A high-fat diet in mice rapidly results in obesity and insulin insensitivity. To further investigate the mechanisms underlying this induction we fed 12 week old male C57Bl/6J mice a low- or high-fat (LF or HF) diet: 10% or 60% (Kcal) from fat (D12450B and D12492 respectively, Research Diets, USA) for 1 or 12 weeks. Body composition was measured by MRI and glucose tolerance was measured by intraperitioneal glucose tolerance tests (IPGTT). Total numbers of gut bacteria and selected groups were estimated in caecal and faecal contents by fluorescence in situ hybridisation (FISH) microscopy following hybridisation of samples using a panel of probes that target 16S rRNA. The relative biological activities of TLR-stimulants present in mouse faeces were measured using a recently developed quantitative bioassay( 1 , 2 ), employing the measurement of NF-κB-dependent reporter activation in TLR-deficient HEK-293 cells transfected with either TLR2, TLR4/MD2 or TLR5.
Adiposity increased in a linear fashion and glucose tolerance was compromised to a similar extent at both times tested on the HF diet. The HF diet also resulted in more than 2-fold reduction in faecal bacterial numbers at 1 and 12 weeks. Bifidobacteria in HF fed mice were below the level of detection (106/ml) in all but one animal at both 1 and 12 weeks compared to the LF diet where they comprised between 15–17% of caecal and faecal bacteria. Faecal samples collected after 12 weeks on a HF diet showed an increased proportion of Bacteroidetes and a reduced percentage of Erysipelotrichaceae, based on16S rRNA gene sequencing. Faecal TLR2 and TLR4 activity was found to increase with time (p < 0.001) but showed no changes with diet. However, TLR5 activity showed a decrease with HF diet (p < 0.001) and no change with time.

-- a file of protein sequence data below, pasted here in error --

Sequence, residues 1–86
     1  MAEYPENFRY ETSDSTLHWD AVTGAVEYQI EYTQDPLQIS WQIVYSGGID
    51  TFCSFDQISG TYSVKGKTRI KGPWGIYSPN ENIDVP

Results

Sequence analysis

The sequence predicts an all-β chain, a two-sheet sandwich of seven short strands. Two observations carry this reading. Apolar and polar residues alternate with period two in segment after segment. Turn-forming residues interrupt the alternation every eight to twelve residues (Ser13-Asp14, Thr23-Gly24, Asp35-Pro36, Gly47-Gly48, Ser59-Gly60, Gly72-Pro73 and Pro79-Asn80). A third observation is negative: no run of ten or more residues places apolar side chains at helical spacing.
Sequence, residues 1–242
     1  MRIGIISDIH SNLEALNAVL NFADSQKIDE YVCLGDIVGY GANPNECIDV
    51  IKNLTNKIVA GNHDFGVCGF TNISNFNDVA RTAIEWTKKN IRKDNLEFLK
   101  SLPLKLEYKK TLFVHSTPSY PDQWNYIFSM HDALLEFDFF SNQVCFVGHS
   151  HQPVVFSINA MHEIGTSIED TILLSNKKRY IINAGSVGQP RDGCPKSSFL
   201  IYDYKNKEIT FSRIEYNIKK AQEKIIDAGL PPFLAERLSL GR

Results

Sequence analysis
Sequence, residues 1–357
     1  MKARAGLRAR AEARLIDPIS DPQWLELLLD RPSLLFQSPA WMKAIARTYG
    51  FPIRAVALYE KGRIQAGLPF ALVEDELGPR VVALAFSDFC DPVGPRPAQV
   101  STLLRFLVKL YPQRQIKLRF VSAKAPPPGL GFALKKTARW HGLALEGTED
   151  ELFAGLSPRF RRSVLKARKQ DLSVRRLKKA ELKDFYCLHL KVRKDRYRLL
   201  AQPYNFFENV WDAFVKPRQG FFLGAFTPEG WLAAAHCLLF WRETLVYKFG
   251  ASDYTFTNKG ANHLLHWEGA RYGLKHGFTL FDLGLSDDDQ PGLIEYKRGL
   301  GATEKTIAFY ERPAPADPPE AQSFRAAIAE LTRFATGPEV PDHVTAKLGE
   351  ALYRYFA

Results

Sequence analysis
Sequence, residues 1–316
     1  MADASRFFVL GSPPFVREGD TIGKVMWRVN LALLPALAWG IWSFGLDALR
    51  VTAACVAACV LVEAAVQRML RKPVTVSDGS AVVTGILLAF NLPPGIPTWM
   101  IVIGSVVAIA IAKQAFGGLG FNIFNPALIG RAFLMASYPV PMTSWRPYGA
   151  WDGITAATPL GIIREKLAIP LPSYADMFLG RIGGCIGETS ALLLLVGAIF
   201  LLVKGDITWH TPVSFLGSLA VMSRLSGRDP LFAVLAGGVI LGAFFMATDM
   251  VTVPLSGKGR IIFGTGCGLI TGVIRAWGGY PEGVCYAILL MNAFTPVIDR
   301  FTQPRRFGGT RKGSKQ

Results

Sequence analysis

These results illustrate that changes in gut bacteria with HF diet in mice are rapid, within one week, and may be due to the replacement of carbohydrate or toxicity of the lipids in the diet. Studies have proposed that bifidobacteria may play a role in reversing or limiting the consequences of a HF diet on inflammation( 3 ) and their loss may explain the increase in inflammation seen on a HF diet. However, we also demonstrate that while TLR2 and TLR4 activity in the colon is not increased on a HF diet TLR5 activity is decreased. This may indicate an alternative mechanism whereby a HF diet is pro-inflammatory, since global TLR5 deficiency results in impaired epithelial barrier function, chronic PAMP translocation, systemic inflammation and induction of the metabolic syndrome in mice( 4 ).
This work was funded by the Scottish Government Rural and Environment Science and Analytical Services (RESAS).